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Occluded Front
when a cold front overtakes a warm front

A developing cyclone typically has a preceding warm front (the leading edge of a warm moist air mass) and a faster moving cold front (the leading edge of a colder drier air mass wrapping around the storm). North of the warm front is a mass of cooler air that was in place before the storm even entered the region.

As the storm intensifies, the cold front rotates around the storm and catches the warm front. This forms an occluded front, which is the boundary that separates the new cold air mass (to the west) from the older cool air mass already in place north of the warm front. Symbolically, an occluded front is represented by a solid line with alternating triangles and circles pointing the direction the front is moving. On colored weather maps, an occluded front is drawn with a solid purple line.

Changes in temperature, dew point temperature, and wind direction can occur with the passage of an occluded front. In the map below, temperatures ahead (east of) the front were reported in the low 40's while temperatures behind (west of) the front were in the 20's and 30's. The lower dew point temperatures behind the front indicate the presence of drier air.

[Image: occluded front on weather map (26K)]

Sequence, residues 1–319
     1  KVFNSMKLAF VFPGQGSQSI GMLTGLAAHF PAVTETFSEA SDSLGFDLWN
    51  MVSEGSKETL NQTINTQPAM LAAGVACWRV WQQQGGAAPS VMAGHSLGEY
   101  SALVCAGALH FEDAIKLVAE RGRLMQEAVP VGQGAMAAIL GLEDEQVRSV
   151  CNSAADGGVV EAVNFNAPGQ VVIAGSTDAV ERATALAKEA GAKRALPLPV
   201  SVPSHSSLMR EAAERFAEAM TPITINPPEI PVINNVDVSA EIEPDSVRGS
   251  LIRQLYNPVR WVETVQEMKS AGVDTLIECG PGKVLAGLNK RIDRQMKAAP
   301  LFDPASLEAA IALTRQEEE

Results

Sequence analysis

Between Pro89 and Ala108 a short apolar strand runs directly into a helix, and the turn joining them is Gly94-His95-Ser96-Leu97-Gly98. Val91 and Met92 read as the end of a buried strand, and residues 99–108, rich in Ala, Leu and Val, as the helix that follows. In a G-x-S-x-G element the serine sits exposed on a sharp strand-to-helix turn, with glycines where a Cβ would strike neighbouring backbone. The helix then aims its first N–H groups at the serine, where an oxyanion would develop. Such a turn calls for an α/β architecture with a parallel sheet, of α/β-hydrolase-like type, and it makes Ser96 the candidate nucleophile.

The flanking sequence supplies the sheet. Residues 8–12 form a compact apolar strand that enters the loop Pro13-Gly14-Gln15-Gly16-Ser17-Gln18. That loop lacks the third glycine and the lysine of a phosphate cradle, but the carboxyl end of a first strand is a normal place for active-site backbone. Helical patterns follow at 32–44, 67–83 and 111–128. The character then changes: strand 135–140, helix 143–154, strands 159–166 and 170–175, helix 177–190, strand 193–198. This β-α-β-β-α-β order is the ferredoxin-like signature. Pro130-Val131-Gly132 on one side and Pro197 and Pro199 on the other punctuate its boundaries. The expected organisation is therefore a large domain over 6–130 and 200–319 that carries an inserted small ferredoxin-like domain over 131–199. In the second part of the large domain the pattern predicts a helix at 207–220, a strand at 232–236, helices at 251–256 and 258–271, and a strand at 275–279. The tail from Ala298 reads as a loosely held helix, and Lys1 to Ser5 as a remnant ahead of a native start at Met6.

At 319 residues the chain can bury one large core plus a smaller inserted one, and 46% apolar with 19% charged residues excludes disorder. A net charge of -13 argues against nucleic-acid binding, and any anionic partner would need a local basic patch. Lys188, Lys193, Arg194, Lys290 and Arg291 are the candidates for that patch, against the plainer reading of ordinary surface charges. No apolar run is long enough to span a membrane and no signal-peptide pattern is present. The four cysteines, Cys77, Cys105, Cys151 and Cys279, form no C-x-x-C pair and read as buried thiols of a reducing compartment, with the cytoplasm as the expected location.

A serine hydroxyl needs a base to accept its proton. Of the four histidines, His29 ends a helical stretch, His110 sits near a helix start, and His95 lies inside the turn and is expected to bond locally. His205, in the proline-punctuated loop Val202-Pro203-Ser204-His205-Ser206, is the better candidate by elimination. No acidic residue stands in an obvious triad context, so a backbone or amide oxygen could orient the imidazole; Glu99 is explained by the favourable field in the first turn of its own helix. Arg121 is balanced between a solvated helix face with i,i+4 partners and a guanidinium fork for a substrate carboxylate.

Image by: WXP Purdue

A noticeable wind shift also occurred across the occluded front. East of the front, winds were reported from the east-southeast while behind the front, winds were from the west-southwest. Common characteristics associated with occluded fronts have been listed in the table below.

Before Passing While Passing After Passing
Winds southeast-south variable west to northwest
Cold Type
Warm Type



Pressure usually falling low point usually rising
Clouds in order: Ci, Cs, As, Ns Ns, sometimes Tcu and Cb Ns, As or scattered Cu
Precipitation light, moderate or heavy precipitation light, moderate or heavy continuous precipitation or showers light-to-moderate precipitation followed by general clearing
Visibility poor in precipitation poor in precipitation improving
Dew Point steady usually slight drop, especially if cold-occluded slight drop, although may rise a bit if warm-occluded
Table adapted from: Ahrens, (1994)

Warm Front
Terms for using data resources. CD-ROM available.
Credits and Acknowledgments for WW2010.
Department of Atmospheric Sciences (DAS) at
the University of Illinois at Urbana-Champaign.

dry line